W-doped nanoporous TiO2 leads to remarkable improvement in gas response value towards acetone. The reason is attributed to that W acts as the role of enhancing chemical activity of acetone, thus improves the amount of adsorbed oxygen ions on the surface of gas-sensing material. As a typical n-type semiconductor, gas-sensing performances of TiO2 are mostly associated with the change of surface occupation. According to Wolkenstein’s model for semiconductors , the analogous model for W-doped nanoporous TiO2 in this work is similar to the previous reported work . In air, oxygen molecules adsorbed on the surface of W-doped nanoporous TiO2 can capture electrons on conduction band forming adsorbed oxygen ions (), increasing the thickness of space-charge layer and further increase the resistance of gas sensor .
Gas-sensing mechanisms of W-doped nanoporous TiO2 based gas sensor in detecting acetone is shown in Fig. 4. It is obvious that increased amount of adsorbed oxygen ions on the surface of W-doped nanoporous TiO2 material results in a series of enhanced gas-sensing performance, like high gas response value, fast response/recovery time and good selectivity and reproducibility [38,39]. Even so, it is still needed to further investigate the validity of this assumption.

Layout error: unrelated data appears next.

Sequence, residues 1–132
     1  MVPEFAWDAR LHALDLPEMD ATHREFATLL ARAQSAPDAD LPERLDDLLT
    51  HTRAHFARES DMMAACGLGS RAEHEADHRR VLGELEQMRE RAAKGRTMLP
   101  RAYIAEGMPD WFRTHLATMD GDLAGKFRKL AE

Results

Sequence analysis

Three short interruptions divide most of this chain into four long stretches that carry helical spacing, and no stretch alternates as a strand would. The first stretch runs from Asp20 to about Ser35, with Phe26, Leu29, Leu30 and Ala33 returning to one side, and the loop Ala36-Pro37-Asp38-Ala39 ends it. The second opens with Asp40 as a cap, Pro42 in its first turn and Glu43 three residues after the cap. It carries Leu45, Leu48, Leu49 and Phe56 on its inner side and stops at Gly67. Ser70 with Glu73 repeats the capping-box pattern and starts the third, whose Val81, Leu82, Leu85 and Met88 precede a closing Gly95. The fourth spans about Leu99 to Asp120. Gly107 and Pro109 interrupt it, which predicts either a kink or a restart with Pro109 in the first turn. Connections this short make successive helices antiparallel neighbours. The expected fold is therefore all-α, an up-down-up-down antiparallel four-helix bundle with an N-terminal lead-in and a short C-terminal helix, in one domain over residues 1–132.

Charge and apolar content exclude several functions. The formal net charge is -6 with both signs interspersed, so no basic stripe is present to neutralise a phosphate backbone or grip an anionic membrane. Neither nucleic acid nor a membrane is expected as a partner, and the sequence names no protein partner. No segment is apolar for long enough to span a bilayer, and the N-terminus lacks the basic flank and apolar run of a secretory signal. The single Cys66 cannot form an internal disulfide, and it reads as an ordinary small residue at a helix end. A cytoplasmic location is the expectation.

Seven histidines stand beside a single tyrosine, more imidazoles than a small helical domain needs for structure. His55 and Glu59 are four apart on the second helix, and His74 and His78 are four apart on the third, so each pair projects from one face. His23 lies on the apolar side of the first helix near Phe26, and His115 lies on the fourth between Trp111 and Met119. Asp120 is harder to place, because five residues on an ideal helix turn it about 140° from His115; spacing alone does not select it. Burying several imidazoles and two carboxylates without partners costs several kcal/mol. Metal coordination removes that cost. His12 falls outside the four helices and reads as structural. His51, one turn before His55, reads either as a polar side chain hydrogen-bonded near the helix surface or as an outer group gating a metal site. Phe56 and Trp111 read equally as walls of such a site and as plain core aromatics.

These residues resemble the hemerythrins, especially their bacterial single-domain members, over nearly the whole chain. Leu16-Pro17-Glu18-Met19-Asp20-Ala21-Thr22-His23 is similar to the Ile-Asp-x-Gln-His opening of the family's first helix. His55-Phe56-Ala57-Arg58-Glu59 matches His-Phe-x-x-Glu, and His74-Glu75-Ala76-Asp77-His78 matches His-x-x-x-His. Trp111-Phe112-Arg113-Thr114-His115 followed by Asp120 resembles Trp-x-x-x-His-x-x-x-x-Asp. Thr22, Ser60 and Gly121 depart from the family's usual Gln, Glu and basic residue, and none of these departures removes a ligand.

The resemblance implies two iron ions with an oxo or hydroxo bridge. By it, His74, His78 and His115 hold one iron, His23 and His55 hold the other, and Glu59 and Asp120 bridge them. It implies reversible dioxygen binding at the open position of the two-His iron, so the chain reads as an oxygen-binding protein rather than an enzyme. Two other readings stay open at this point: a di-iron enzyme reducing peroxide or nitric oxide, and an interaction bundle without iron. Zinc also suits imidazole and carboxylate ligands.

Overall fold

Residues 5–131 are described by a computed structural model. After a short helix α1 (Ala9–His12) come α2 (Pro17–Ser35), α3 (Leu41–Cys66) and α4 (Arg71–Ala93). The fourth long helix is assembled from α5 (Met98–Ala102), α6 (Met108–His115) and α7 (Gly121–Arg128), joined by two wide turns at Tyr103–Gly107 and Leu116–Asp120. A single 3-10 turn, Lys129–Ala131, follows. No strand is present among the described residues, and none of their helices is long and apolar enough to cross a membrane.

Once the sensor is exposed to acetone, acetone molecules will react with adsorbed oxygen ions on the surface of material. Then electrons are released from adsorbed oxygen ions to conduction band of material, leading to a decrease of thickness of space-charge layer and resistance of gas sensor . The process can be depicted as follows :
Based on the above analysis of possible gas-sensing mechanism, abundant adsorbed oxygen ions on the surface of as-synthesized 7.5% W-doped nanoporous TiO2 (as the result in XPS) have great effects on the gas-sensing properties. Besides, morphology and structure of TiO2, and proper amount of tungsten dopant are also important factors in promoting gas-sensing performance of W-doped nanoporous TiO2 based gas sensor.
In conclusion, W-doped nanoporous TiO2 was successfully prepared via a one-step hydrothermal method. The sensors using W-doped nanoporous TiO2 as gas-sensing material were utilized to test the gas-sensing ability of W-doped TiO2 material by detecting acetone. Results of gas-sensing measurements indicate that 7.5% W-doped nanoporous TiO2 based gas sensor demonstrates excellent response value, fast response/recovery time, good selectivity and reproducibility to acetone, illustrating the potential use of 7.5% W-doped nanoporous TiO2 based gas sensor in detecting acetone.
This work was supported by National Natural Science Foundation of China (No. 61761047 and No.41876055), the Department of Science and Technology of Yunnan Province via the Key Project for the Science and Technology (Grant No.2017FA025) and Program for Innovative Research Team (in Science and Technology) in University of Yunnan Province.
CONFLICT OF INTEREST
The authors declare that there is no conflict of interests regarding the publication of this manuscript.